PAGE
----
Two-thirds of Europe’s lesbian, gay, bisexual and transgender community are still afraid to show their sexuality in public and a quarter have been victims of physical or verbal attacks, an EU report said Friday, on the International Day Against Homophobia.
“Fear, isolation and discrimination are everyday phenomena for the LGBT community in Europe,” the director of the European Union’s Agency for Fundamental Rights (FRA), Morten Kjaerum, wrote in the report.
The online survey, described as the largest of its kind, questioned around 93,000 people in the European Union’s 27 member states plus Croatia, which is to join the bloc in July.
Just over a quarter (26 percent) of the respondents said that they had been physically or verbally assaulted over the last five years.
Transgenders suffered particularly, with 28 percent saying they had been attacked or threatened more than three times in the last 12 months because of their sexuality, the report said.
Some respondents said that even in countries traditionally considered to be tolerant, attitudes were worsening.
“My situations of harassment/discrimination/violence are mainly random acts of verbal aggression,” a 27-year-old gay Belgian wrote.
“The situation is worse now than it was, for example, four years ago.”
In The Netherlands, the first country in the world to legalise gay marriage in 2001, almost 20 percent of those taking part said they felt discriminated against when going to sport clubs or hospitals, looking for an apartment, going out at night, or dealing with banks.
The average figure across Europe was 32 percent, with the highest figures reported in Lithuania (42 percent); Croatia (41 percent); Bulgaria (40 percent); and Romania (39 percent).
Many said they were afraid to go to the police, including in France where the beating of a gay couple in April hit the headlines after pictures of the bloodied face of one of the victims spread across social media.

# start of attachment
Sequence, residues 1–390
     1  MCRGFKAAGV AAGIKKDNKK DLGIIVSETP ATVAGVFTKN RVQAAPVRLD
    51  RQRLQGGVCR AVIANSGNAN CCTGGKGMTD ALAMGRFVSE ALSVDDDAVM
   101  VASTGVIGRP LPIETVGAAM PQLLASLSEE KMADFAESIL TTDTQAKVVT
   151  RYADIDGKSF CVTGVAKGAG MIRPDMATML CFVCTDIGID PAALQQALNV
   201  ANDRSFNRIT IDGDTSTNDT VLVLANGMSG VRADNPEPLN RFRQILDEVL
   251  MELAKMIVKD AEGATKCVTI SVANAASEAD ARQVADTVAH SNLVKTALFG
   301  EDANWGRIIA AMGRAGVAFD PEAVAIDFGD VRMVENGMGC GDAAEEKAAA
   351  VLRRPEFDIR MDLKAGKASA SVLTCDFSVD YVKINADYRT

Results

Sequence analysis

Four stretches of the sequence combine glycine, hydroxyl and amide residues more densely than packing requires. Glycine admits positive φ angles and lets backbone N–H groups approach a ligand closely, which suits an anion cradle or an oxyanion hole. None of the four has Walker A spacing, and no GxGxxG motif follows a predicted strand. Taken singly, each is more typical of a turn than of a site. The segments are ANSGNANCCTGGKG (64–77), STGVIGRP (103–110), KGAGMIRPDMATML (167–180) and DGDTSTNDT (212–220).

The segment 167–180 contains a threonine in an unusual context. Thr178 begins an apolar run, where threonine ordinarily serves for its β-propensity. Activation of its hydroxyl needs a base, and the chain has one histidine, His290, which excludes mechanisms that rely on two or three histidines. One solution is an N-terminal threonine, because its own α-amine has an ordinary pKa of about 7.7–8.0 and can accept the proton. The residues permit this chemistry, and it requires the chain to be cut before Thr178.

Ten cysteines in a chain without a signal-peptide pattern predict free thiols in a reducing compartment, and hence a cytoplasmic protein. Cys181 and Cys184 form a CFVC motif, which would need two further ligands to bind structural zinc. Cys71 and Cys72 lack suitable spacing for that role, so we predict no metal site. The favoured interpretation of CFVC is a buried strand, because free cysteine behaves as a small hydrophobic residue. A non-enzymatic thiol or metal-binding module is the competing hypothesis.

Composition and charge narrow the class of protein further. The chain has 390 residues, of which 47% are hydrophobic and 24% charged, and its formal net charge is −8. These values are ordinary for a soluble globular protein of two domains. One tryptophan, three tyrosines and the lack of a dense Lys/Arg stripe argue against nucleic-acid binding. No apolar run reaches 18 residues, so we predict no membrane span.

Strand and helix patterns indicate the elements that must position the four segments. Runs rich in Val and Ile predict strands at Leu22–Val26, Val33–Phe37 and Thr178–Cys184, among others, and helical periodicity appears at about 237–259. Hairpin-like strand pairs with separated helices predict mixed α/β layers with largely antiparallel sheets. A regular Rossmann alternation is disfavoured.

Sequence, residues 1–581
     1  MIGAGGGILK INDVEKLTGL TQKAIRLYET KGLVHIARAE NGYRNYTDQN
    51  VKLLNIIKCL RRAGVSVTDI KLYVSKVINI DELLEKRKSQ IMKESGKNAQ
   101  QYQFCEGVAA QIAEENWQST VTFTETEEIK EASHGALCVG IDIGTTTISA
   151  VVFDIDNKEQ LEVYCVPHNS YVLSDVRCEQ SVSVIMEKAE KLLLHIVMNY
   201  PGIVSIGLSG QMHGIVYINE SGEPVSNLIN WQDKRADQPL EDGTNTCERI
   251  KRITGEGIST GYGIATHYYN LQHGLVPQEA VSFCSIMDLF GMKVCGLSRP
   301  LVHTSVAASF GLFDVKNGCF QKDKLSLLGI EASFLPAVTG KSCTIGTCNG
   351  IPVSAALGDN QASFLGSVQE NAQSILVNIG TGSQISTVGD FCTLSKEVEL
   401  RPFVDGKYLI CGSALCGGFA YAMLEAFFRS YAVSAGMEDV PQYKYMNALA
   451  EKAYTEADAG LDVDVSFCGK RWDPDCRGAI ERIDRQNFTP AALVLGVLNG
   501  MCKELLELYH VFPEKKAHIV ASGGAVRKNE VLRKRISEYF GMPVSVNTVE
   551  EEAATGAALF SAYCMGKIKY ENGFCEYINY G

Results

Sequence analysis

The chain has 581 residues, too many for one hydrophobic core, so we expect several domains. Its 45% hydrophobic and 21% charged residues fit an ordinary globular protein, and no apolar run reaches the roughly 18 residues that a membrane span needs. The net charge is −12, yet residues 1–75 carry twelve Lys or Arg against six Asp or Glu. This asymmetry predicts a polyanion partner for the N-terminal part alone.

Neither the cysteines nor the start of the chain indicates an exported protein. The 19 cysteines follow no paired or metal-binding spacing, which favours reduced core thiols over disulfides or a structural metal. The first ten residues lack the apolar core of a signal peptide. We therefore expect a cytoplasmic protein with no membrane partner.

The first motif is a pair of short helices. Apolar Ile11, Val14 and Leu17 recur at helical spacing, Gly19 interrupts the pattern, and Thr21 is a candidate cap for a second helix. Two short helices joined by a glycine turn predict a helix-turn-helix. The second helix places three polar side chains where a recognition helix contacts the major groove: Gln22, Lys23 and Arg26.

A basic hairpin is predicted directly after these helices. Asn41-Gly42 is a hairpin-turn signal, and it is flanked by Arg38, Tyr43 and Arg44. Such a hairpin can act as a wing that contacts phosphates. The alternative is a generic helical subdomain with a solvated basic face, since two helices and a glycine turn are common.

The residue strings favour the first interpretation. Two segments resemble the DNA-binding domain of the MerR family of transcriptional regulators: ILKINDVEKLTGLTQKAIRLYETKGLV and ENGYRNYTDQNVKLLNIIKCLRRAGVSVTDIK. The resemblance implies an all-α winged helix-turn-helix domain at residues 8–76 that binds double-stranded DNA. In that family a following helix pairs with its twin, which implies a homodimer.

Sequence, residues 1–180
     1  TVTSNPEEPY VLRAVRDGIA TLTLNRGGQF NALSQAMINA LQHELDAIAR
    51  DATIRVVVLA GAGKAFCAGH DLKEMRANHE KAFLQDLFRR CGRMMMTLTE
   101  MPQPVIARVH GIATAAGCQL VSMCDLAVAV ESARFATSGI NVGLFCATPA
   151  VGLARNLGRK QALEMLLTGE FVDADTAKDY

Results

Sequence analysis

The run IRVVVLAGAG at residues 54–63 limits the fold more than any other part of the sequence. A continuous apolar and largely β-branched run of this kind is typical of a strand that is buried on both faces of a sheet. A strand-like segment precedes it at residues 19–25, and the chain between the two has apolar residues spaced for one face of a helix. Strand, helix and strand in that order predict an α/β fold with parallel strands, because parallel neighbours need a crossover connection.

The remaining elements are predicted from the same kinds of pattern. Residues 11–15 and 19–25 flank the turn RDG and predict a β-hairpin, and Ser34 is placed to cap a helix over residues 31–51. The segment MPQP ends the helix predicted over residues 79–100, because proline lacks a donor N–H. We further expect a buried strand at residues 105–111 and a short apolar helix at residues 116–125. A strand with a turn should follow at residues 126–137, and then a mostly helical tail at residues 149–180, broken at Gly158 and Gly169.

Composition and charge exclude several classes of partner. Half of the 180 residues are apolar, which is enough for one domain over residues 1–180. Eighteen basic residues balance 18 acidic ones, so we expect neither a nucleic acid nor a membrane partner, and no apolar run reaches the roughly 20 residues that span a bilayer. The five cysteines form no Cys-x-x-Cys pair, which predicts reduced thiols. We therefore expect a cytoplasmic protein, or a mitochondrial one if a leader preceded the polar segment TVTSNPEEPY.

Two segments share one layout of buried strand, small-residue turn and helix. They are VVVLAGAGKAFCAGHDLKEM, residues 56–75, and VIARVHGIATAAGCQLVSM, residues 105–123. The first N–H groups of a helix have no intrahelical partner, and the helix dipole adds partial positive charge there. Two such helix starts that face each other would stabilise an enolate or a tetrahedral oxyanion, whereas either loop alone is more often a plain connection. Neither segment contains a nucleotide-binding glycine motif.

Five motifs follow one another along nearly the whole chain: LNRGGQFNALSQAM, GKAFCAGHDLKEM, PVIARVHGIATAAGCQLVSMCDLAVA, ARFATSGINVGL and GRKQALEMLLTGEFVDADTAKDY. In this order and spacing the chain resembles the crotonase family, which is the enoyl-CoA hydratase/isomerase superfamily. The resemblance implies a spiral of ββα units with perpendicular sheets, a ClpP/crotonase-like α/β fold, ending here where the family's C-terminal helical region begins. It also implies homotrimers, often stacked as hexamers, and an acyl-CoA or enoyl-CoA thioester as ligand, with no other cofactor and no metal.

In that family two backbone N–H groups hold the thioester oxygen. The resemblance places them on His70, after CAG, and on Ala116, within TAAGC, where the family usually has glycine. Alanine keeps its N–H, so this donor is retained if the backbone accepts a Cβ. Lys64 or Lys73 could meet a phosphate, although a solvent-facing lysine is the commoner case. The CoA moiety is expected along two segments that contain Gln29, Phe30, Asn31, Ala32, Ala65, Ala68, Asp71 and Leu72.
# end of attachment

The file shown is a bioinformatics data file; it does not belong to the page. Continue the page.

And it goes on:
“(I am) reluctant to report anything that might indicate that I am gay, as I know (the police) just dismiss everything,” a 42-year-old Frenchman said.
The most common reason for not going to the police is the belief that it “would not change anything”, as well as fear of the police’s homophobic reaction.
There are wide disparities between EU countries, with less discrimination and violence in the Benelux countries and Scandinavia but also in the Czech Republic and Spain.
Nevertheless, a 32-year-old Czech lesbian said: “For me, the most alarming discrimination experienced is in health.
“I feel strong enough to deal with street harassment now, but I feel upset about having to justify my lifestyle to every doctor.”
Two-thirds of respondents and three-quarters of gay men said they were afraid to show their sexuality in public.
The FRA report noted that discrimination often begins at school, where two-thirds of respondents hid their sexual orientation.
“Ten years later, I still consider being bullied at school the worst form of homophobic abuse I’ve ever been subjected to,” said a gay Maltese man, 25.
“The constant insults for being effeminate (‘and therefore gay’) were unbearable at school, and not much action was taken by the teachers against the bullies! Bullying forced me to remain in the closet until I reached the age of 18.”
Around 300 politicians and experts are meeting in The Hague on Friday to discuss measures to fight homophobia within the EU.
“Member states must take care that LGBT students feel secure at school, given that that is where LGBT people’s negative experiences, social prejudice and exclusion often begins,” the FRA said.
Politicians’ public support makes life easier for the LGBT community, the FRA said, calling on EU states to promote dialogue through public awareness campaigns as well as through political and religious institutions.
The United Nations has launched its own education campaign, with Secretary General Ban Ki-moon reassuring the world’s LGBT community: “You are not alone.”